Mapping intracontinental strain in the Alpine-Himalayan Belt with Sentinel-1: Progress and Challenges
Tim Wright  1@  , Jonathan Weiss  2@  , Andy Hooper  2@  , Karsten Spaans  2@  , Nicholas Greenall  2@  , Richard Walters  3@  
1 : School of Earth and Enrironment [Leeds]  (SEE)  -  Website
Maths/Earth and Environment Building The University of Leeds Leeds. LS2 9JT -  United Kingdom
2 : COMET, School of Earth and Environment, University of Leeds
3 : COMET, Department of Earth Sciences, Durham University

The launches of Sentinel-1A in 2014 and Sentinel-1B in 2016 are providing the first systematic SAR acquisitions over the Earth's intracontinental tectonic belts. Sentinel-1 SAR images at least every 12 days on both ascending and descending passes and these offer an unprecedented opportunity for understanding deformation in large intracontinental regions.

Within the LiCS and EwF projects, COMET is processing SAR data systematically with the aim of producing the first high-resolution velocity field and strain map of the Alpine-Himalayan Belt (AHB). Here we will present a progress report on the achievements to date and the challenges we have faced. Since December 2017, we have been processing short-interval Sentinel-1 interferograms and serving these to the community, with more than 100,000 interferograms online by June 2018. By the end of 2018 we expect to have preliminary time series and velocities available for the AHB and the first strain maps.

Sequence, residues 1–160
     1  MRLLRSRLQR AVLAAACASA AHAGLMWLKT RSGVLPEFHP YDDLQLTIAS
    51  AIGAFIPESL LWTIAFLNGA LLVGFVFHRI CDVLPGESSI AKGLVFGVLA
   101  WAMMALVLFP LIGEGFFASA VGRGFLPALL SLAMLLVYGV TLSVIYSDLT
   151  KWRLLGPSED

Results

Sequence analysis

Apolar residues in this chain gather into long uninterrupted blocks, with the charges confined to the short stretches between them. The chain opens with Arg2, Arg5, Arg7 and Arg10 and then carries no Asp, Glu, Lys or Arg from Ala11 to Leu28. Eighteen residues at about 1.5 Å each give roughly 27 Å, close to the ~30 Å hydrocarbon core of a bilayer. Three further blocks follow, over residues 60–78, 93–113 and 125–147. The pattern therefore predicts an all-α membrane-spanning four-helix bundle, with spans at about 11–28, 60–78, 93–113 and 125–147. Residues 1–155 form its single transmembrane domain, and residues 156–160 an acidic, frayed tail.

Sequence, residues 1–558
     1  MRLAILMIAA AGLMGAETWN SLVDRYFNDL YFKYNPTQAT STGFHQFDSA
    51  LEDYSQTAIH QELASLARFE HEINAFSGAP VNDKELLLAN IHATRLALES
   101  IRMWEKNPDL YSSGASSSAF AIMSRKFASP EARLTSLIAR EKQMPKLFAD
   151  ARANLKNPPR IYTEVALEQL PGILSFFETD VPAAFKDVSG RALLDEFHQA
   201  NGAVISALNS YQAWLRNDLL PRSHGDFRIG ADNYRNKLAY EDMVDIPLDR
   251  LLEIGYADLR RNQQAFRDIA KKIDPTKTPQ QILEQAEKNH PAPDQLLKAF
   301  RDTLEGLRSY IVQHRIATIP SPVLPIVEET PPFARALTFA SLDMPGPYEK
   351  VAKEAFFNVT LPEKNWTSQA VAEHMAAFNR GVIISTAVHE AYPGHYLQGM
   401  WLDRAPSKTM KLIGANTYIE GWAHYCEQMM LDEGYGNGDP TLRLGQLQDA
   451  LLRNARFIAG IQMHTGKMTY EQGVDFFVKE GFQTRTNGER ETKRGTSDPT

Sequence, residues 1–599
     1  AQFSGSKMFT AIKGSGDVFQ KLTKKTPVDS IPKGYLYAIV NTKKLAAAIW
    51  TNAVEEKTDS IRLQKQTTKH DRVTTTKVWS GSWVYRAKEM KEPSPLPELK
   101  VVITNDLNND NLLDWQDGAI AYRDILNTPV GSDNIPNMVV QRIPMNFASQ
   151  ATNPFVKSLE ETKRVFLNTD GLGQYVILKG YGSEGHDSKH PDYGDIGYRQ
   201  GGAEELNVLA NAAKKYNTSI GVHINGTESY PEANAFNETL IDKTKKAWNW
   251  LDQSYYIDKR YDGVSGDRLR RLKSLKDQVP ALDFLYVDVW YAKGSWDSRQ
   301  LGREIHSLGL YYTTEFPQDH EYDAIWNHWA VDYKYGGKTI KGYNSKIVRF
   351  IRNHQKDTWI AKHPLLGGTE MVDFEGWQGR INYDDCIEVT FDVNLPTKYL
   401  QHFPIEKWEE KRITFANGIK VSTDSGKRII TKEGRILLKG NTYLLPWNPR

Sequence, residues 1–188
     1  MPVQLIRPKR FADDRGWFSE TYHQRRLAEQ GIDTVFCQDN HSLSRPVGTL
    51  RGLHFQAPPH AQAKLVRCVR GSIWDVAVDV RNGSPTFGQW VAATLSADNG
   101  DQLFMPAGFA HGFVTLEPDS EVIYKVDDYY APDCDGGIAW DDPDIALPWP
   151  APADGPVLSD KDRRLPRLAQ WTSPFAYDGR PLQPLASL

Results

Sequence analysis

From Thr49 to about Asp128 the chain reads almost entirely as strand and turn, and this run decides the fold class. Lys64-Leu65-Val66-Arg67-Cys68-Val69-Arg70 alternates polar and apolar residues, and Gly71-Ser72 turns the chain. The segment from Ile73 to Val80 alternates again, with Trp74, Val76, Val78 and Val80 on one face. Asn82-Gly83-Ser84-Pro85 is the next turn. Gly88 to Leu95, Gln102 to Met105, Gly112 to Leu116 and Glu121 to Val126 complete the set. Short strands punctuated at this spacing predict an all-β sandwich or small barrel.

Here we will describe our processing methodology and show early results from the system. We will discuss some of the technical challenges and share some of our solutions. We will describe the results of synthetic experiments that are designed to understand the improvements in resolution and accuracy that we should expect in strain maps when combing InSAR results with velocities from GNSS. We will discuss future improvements, such as the possibility of including estimates of along-track velocities from the Sentinel-1 burst overlap regions. Finally, we will solicit feedback from the community on what is required to make our results useful for expert and non-expert users.

This work is funded by the UK Natural Environment Research Council through COMET and the LiCS and EwF large grants. It is possible because of the EU Copernicus programme and its open data policy.


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